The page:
Evaluating the Effectiveness of Bioretention Rain Gardens in Removing Pollutants Associated with Tire Dumping and Roadside Pollution
Environmental justice research has shown that low income neighborhoods and communities of color, such as those in Southwest Detroit, are more likely to experience higher levels of pollution. In the Southwest Detroit, residential and commercial areas are in close proximity to ongoing heavy industries and high-volume transportation corridors, increasing concerns about the local air and surface water quality. These challenges are further exacerbated by illegal dumping, with piles of garbage, particularly used tires, frequently dumped in this community. These dumping sites may be accumulating toxic levels of heavy metals that can cause serious health issues such as cancer.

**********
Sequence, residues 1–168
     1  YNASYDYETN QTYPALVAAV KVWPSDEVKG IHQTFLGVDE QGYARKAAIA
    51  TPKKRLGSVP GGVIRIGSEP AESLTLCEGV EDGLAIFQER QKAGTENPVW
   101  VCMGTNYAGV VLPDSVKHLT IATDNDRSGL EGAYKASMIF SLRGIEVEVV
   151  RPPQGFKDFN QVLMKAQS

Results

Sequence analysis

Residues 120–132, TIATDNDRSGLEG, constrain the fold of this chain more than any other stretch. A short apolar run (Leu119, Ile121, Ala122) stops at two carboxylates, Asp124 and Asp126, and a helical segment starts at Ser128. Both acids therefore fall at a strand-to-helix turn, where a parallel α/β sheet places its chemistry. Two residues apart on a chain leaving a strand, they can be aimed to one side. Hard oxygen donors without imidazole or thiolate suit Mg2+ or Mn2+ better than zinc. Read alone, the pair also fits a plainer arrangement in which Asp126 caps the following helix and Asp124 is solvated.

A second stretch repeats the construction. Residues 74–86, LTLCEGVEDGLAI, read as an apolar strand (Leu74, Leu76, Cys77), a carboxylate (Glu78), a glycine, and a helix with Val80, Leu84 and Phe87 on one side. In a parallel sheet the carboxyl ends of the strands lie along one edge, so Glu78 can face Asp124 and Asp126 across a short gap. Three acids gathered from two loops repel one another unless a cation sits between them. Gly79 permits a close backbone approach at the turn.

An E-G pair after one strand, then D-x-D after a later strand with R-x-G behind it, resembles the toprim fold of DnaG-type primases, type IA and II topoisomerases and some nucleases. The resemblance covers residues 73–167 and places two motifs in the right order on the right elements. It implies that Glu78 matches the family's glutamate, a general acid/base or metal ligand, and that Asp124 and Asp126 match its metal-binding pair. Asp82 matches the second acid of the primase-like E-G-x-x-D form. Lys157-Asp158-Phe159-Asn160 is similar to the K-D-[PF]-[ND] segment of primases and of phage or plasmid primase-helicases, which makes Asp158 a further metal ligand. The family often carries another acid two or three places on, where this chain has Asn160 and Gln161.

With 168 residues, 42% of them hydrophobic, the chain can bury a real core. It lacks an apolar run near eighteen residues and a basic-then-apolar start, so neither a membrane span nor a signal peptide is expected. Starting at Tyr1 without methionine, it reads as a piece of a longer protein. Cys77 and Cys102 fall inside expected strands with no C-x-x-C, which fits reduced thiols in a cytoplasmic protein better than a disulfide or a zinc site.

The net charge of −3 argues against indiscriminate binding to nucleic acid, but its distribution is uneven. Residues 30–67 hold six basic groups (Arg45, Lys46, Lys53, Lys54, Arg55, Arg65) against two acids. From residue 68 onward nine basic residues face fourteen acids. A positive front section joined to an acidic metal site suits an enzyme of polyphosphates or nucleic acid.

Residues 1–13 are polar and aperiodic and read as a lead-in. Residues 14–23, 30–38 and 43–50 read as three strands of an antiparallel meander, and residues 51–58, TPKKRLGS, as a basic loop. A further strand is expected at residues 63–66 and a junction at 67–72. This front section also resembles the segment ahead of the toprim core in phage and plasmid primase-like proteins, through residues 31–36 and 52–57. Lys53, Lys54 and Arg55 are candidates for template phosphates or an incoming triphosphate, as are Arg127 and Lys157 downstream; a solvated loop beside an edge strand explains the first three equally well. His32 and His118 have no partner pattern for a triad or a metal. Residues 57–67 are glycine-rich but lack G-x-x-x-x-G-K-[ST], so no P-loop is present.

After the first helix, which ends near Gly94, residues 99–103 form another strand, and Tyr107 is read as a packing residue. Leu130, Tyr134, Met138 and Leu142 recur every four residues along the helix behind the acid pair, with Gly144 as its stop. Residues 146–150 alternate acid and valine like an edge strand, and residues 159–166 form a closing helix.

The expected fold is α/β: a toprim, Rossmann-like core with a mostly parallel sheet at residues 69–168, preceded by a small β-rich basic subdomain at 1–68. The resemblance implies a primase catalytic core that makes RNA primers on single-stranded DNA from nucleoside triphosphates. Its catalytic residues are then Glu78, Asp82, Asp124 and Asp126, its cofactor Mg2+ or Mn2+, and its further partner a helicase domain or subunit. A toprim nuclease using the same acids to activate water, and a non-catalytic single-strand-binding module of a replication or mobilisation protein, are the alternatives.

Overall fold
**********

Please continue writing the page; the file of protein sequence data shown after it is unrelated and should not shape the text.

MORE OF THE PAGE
This project aims to test the soil of illegal dumping sites and identify strategies to remove and transform these sites by constructing two bioretention areas. Bioretention rain gardens utilize physical, chemical, and biological removal mechanisms to improve stormwater quality before discharge into the environment.
This project not only increases our knowledge of rain gardens’ water quality impacts, but also contributes to better understanding the importance of bioretention in addressing poverty and environmental justice inequities through improving the quality of the local environment, reducing residents’ exposure to hazardous contaminants, and adding green space.
Larissa Larsen, Ph.D.
Associate Professor of Urban and Regional Planning
U-M Taubman College of Architecture and Urban Planning
Sarah J. Clark
Director of Programs Southwest Detroit Environmental Vision
Andrea R. McFarland, Ph.D. Candidate
U-M Department of Civil and Environmental Engineering
Nancy G. Love, Ph.D.
Professor, Department of Civil and Environmental Engineering